As a facility manager or BSC, you do your best to advance both hygiene and sustainability to support the well-being of building occupants and the environment. But there is no question that sometimes sustainability is sacrificed for hygiene and vice versa. Due to heightened awareness and concern about hygiene (particularly hand hygiene) in the current novel coronavirus pandemic, this could be truer now than ever before.
As business owners, school leaders, and government officials prepare to open their facilities, you’re undoubtedly facing an unprecedented number of dilemmas and decisions. But rest assured. Ensuring a safe and sustainable means of hand drying needn’t be one of them.
Advance hand hygiene with paper towels
From the outset of the coronavirus pandemic, one message has been repeated loud and clear from epidemiologists and health experts at the U.S. Centers for Disease Control and Prevention (CDC) and the World Health Organization (WHO): wash your hands with soap thoroughly and frequently to help protect yourself and others.
It’s difficult to challenge this imperative when you think about the vast number of infection-causing bacteria, viruses, and other microbes that your hands come in contact with daily. Add in the estimated number of times you touch your face (23 times per hour according to the University of New South Wales) and risk microbes entering your body through your nose, eyes, or mouth, and it’s clear that unclean hands are unhygienic.
But while proper handwashing has been widely discussed and accepted, proper hand drying has not—even though improper hand drying can undo the many benefits of handwashing. According to research from the Mayo Clinic, bacteria are more likely to be transmitted from wet skin than dry skin, making proper hand drying a critical component of the hand-hygiene process.
When it comes to hand drying, options run the gamut, from cloth towels to paper towels; from jet dryers to warm air dryers; from shaking your hands in the air to wiping them on your pants.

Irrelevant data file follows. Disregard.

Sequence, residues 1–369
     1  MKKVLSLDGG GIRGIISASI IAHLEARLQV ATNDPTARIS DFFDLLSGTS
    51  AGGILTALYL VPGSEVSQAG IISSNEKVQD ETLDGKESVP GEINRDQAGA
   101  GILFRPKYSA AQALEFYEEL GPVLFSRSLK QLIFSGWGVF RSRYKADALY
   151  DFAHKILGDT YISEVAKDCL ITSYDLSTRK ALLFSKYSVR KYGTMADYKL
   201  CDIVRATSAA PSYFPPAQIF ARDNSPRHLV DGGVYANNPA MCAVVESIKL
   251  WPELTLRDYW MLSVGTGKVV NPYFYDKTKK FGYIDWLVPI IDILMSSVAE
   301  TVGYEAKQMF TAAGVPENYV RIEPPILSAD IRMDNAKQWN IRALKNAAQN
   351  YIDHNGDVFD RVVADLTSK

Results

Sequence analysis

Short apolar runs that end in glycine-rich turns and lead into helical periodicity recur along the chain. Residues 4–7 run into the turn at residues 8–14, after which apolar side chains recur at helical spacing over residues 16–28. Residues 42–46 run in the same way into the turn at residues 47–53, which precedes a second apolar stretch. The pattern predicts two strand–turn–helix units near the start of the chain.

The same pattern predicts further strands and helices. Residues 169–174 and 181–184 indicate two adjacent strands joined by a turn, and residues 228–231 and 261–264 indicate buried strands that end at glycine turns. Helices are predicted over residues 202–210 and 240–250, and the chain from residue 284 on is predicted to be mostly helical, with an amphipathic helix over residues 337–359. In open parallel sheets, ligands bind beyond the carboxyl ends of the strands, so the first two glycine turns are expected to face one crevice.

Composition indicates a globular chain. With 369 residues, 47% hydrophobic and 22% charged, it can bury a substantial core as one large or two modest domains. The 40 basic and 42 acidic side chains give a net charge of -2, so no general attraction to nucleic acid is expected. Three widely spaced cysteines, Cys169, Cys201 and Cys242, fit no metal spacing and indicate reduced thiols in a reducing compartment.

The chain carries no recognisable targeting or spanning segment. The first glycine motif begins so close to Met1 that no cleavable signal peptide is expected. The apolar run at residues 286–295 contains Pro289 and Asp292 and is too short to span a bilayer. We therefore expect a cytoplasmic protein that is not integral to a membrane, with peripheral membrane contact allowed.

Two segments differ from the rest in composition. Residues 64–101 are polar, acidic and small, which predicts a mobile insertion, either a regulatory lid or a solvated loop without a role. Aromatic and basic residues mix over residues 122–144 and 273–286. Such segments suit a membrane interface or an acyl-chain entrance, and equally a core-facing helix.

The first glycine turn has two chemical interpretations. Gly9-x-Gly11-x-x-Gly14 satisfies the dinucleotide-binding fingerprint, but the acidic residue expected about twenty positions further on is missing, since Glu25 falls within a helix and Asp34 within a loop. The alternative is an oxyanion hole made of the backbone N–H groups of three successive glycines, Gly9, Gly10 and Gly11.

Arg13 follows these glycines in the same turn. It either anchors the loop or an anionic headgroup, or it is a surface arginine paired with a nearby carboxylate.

In a recent article from Business Insider, Miryam Wahram, a biology professor at William Paterson University and the author of “The Hand Book: Surviving in a Germ-Filled World,” said that, hands down, drying hands with paper or cloth towels is the most hygienic as the friction of drying removes even more germs.
The Mayo Clinic reviewed 12 studies on the hygienic efficacy of several hand-drying methods and concluded that, from a hygiene viewpoint, paper towels are superior to electric air dryers. The review also noted that paper towels can dry hands efficiently, remove bacteria effectively, and cause less contamination in the restroom environment. A University of Westminster study similarly found that jet dryers disperse over 190 times more viruses than paper towels.
People can also use paper towels to protect clean hands from germs when turning off faucets and opening the door upon leaving the restroom.
Support sustainability with paper towels
If you hold true that paper towels are hygienic, the next question is whether they are sustainable. Many people assume paper towels are inherently sustainable as they are made from renewable materials. While paper restroom waste is not currently recycled, the hygienic benefits of paper towels— combined with the fact that most are made from responsibly sourced virgin fiber or recycled fiber—increasingly make them a preferred hand-drying solution.
Most commercial paper towels—both white and brown—are made with high levels of post-consumer recycled content. In addition, a good number of commercial paper towels meet or exceed the U.S. Environmental Protection Agency’s (EPA) minimum recycled content guidelines and are certified by credible third-party organizations, such as The Sustainable Forestry Initiative (SFI), The Forest Stewardship Council (FSC), or The Programme for the Endorsement of Forest Certification (PEFC). These certifications validate that the products were made following responsible forestry practices and that other global social responsibility concerns have been addressed as well. Certifications from Green Seal and EcoLogo help to further validate the amount of recycled fiber content and a minimal environmental impact during processing.
Brown vs. white towels
Recycled white paper towels are generally made from high-quality office paper waste that is in increasingly short supply. As the value for these materials increases, the amount ending up in landfills is declining. But recycled brown towels are made with high levels of mixed paper waste, including magazines, cereal boxes, junk mail, and paperboard packaging. At this time, a lot of mixed paper ends up in landfills. However, thanks to new technology, an increasing number of paper manufacturers can use the fiber from mixed paper waste to make brown paper towels. As more businesses and schools switch to brown paper towels, they are helping support the recovery of greater amounts of mixed paper waste, keeping such material out of landfills.
Fortunately, you do not need to sacrifice quality for sustainability. While the words “brown towels” might harken images of your grade school restroom, the fiber recovery process has undergone significant advancements in recent years, which means many brown paper towels perform equally to white in terms of softness and absorbency.
When the facilities you manage or clean reopen as the pandemic slows down, know that there are hand-drying products available that ease the pressure of simultaneously supporting hygiene and sustainability.